A half-mile from Concord center, at this bridge, the Concord Minutemen turned the tables on the British on the morning of April 19, 1775. The Americans didn't fire first, but when two of their own fell dead from a Redcoat volley, Major John Buttrick of Concord roared, "Fire, fellow soldiers, for God's sake, fire." The Minutemen released volley after volley, and the Redcoats fled. Daniel Chester French's famous statue The Minuteman (1875) honors the country's first
freedom fighters. Inscribed at the foot of the statue are words Ralph Waldo Emerson wrote in 1837 describing the confrontation: "By the rude bridge that arched the flood / Their flag to April's breeze unfurled / Here once the embattled farmers stood / And fired the shot heard round the world." The lovely wooded surroundings give a sense of what the landscape was like in more rural times.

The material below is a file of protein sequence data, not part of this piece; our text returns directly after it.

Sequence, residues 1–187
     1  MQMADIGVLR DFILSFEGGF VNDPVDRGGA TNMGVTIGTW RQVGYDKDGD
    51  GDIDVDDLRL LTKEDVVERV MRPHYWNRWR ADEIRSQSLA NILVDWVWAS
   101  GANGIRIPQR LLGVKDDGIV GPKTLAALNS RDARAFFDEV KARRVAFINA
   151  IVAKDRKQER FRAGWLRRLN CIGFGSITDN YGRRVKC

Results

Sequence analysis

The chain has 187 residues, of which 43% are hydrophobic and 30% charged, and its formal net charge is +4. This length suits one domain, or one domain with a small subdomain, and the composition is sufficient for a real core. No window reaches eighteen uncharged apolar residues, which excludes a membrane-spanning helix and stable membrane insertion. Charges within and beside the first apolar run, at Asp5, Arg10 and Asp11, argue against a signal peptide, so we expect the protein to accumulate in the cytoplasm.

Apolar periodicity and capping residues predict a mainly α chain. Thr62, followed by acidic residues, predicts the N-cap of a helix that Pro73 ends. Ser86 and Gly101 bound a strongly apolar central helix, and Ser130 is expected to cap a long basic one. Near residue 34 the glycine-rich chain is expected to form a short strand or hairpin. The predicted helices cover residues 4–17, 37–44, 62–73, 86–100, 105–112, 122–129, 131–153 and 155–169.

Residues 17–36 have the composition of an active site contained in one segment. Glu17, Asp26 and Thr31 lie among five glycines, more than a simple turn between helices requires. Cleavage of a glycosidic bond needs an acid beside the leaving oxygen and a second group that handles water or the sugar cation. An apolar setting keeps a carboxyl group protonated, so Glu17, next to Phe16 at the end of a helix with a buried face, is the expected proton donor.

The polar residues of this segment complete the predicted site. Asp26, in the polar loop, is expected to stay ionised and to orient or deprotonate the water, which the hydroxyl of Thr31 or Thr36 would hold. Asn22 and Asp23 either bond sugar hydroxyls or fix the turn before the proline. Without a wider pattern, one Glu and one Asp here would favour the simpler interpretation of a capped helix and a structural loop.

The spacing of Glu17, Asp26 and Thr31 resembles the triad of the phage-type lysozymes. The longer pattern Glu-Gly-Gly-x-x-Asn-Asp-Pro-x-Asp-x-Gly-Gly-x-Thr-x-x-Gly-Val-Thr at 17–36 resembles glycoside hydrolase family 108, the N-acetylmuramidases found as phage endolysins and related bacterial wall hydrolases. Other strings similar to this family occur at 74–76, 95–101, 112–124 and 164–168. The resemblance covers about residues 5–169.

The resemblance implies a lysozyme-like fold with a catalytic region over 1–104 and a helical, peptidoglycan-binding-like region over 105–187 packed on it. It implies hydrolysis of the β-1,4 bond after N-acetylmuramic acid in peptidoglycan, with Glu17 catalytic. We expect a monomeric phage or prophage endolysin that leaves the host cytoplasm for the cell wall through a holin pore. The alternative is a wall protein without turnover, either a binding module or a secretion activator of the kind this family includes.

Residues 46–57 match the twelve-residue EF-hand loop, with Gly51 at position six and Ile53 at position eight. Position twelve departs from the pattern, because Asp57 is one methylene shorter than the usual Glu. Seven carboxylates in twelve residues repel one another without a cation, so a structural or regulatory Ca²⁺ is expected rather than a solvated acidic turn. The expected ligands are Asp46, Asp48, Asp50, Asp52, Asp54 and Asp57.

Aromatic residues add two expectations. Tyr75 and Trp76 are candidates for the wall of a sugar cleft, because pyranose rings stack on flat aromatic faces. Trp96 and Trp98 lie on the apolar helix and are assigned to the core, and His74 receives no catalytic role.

Concord Center, Near Minute Man Monument, Concord, Massachusetts, United States